Besides their various contests and appearances on big social media sites the team wanted to be able to extend their campaign globally. Because comedy does not always translate well between cultures Ferrell and Adam McKay (co-writer with Ferrell) created customized videos for “far-reaching markets” like the U.K. and Australia. This included a video of Burgundy congratulating Irish actor Jamie Dornan for nabbing the lead in 50 Shades of Gray, and Ron’s “postelection musings on the presidential race” in Australia. (Gachman, 2013)

All the work Paramount and Zemoga put into the campaign was closely monitored to see how the public reacted to their various strategies. With the instant feedback social media gives they were able to see how the audience perceived trailers or extras. This enabled them to make changes and correct parts of the campaign as they went along. In fact, the data they collected led to the creation of the Scotch Toss, a mobile game that enabled social sharing and featured 300 voice overs by Ferrell as Burgundy egging the player on to flick ice cubes into his scotch. (Heine, 2013)

The extensive and hilarious social media marketing campaign to promote Anchorman 2 paid off with a gross profit of over 127 million dollars worldwide (IMDB, 2015). So the next time you’re trying to create an advertising campaign remember how well Ron Burgundy utilized social media because “60% of the time, it works every time”-Brian Fantana (Apatow and McKay, 2004).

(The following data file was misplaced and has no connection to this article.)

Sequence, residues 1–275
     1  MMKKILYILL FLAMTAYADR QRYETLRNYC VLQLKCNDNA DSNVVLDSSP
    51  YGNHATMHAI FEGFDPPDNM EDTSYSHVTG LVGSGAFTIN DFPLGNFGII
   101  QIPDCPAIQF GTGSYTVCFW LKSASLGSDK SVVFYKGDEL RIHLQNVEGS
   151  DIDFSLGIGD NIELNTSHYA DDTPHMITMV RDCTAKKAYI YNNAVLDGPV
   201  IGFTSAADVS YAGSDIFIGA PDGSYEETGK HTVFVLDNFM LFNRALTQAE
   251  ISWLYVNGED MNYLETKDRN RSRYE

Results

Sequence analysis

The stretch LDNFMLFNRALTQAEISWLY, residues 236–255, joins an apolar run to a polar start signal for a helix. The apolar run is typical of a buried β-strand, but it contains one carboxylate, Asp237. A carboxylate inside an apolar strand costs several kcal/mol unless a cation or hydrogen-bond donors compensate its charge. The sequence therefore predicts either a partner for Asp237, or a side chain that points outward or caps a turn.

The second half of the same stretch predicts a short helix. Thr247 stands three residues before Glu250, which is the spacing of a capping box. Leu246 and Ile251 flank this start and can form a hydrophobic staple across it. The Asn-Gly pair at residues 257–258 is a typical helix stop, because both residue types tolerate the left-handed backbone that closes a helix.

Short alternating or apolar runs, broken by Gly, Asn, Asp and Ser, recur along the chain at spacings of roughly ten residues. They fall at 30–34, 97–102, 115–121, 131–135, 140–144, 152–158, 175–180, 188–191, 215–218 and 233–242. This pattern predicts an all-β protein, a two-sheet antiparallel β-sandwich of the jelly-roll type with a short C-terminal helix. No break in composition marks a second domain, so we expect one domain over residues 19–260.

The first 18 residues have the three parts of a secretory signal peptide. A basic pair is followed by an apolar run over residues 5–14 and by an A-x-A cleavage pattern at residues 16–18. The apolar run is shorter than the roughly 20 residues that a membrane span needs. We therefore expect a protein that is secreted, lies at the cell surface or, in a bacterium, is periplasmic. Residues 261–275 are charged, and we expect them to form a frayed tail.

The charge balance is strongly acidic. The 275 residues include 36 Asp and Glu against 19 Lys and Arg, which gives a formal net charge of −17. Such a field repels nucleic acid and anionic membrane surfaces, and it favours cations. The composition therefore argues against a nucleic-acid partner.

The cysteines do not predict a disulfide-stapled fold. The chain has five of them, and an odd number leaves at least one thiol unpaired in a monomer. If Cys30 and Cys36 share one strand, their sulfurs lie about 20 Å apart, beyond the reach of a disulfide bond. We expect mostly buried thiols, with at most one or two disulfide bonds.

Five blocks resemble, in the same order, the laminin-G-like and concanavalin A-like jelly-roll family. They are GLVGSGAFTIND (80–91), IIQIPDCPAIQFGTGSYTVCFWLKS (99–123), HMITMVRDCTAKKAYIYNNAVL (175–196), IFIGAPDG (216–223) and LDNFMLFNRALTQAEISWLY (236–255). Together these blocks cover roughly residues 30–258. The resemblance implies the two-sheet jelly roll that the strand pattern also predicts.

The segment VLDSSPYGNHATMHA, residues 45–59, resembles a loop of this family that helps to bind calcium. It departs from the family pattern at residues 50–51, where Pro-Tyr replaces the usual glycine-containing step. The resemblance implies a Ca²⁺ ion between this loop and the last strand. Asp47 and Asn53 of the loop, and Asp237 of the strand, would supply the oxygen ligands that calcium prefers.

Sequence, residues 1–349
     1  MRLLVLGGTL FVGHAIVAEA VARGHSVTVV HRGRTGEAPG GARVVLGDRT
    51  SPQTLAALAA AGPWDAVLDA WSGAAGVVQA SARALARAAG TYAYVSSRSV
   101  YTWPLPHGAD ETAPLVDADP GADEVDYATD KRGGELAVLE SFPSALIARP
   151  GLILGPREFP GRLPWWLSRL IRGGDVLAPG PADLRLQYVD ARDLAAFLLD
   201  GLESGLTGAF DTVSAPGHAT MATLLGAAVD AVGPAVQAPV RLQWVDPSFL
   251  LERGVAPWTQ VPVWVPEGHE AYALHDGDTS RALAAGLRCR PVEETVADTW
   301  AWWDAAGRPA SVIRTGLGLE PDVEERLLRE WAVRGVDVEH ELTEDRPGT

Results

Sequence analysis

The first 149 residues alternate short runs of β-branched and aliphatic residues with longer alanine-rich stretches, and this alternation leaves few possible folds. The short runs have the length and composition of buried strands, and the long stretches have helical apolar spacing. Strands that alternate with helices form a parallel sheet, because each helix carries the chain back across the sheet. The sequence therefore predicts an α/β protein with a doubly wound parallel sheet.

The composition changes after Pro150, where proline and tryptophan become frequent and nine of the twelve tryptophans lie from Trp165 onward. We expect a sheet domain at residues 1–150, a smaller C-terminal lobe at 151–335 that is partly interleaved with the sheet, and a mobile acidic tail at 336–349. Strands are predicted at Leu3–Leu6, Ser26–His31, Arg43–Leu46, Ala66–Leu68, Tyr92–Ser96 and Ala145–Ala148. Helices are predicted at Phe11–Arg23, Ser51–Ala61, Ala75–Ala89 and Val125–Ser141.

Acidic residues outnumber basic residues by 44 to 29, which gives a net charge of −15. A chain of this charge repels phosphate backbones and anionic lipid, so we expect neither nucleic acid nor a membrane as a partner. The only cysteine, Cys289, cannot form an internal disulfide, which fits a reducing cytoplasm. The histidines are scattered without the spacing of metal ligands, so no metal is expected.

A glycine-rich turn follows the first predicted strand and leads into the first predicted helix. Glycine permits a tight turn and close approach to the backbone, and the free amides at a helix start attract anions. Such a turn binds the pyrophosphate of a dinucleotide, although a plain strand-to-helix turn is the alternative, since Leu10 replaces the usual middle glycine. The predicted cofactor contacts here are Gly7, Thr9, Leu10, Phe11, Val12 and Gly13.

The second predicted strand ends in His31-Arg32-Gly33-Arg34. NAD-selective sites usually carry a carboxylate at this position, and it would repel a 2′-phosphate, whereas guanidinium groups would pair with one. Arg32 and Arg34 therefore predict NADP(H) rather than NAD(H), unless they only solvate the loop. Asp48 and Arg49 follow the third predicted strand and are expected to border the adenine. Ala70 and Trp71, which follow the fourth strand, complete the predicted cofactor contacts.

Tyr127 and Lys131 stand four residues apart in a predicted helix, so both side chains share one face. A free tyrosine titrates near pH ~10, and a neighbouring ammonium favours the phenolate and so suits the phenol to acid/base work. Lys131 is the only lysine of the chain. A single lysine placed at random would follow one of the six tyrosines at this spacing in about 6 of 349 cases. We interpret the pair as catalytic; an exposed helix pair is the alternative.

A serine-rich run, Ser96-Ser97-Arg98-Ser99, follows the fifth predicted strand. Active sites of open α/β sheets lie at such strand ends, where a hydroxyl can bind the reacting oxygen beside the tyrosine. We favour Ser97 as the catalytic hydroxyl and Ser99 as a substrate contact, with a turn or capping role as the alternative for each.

Anchorman [Motion picture]. (2004). Universal Pictures Australasia [distributor] ;.

Anchorman: The Legend of Ron Burgundy. (2015, January 1). Retrieved from

Anchorman 2: The Legend Continues. (2015, January 1). Retrieved from

Gachman, D. (2013, December 11). What The ‘Anchorman 2’ Campaign Can Teach Us About Social Media Marketing. Retrieved from

Heine, C. (2013, November 24). Will Ferrell’s Anchorman 2 Is Changing the Way Movies Are Marketed. Retrieved from

Maccabee, P. (2013, December 19). FIVE CLASSY SOCIAL MEDIA LESSONS FROM ANCHORMAN 2’S RON BURGUNDY. Retrieved from




  1. ahealthydoesofsocialmedia · March 24, 2015

    I found this post really interesting because not only am I a fan of the Anchorman films, but I also remember seeing a few of these campaign strategies around the time that Anchorman 2 was coming out. I think it was very creative of the film’s advertising team to use social media so extensively, because it kept the movie in peoples’ minds while also engaging them in different activities. I did know about the Newseum exhibit and was no stranger to the variety of advertisements that were put out to promote the film, however I had no idea about the interactive video campaign. After reading more about it, I really enjoyed its use of interactivity and user-generated content. The Anchorman campaign is a great example of how the movie industry uses social media to its advantage.

    -Katie Bergmann


  2. Musical Millennials · March 24, 2015

    As someone who has (regrettably) yet to see either Anchorman film, even I was impressed with the social media strategies employed to promote Anchorman 2. I remember seeing the gifs, the memes, and clips all over my Tumblr dash and my Twitter and Facebook feeds. I assume they understand that their primary target market consists of an audience ages 18-35, which just so happens to be a demographic that is highly active on social media sites. From hashtags on Twitter, videos on YouTube, gifs on Tumblr, and memes on Facebook timelines, the diversification of their content made the films’ promotions unique for each social media vehicle. All in all, it was a successful campaign that I expect to influence the way the industry as a whole will advertise and promote future films.



    • screenblab · March 25, 2015

      You should watch it! It’s really funny and Anchorman 2 is about the creation of 24 hour news so it’s interesting to relate that back to reality. It’s on Netflix too!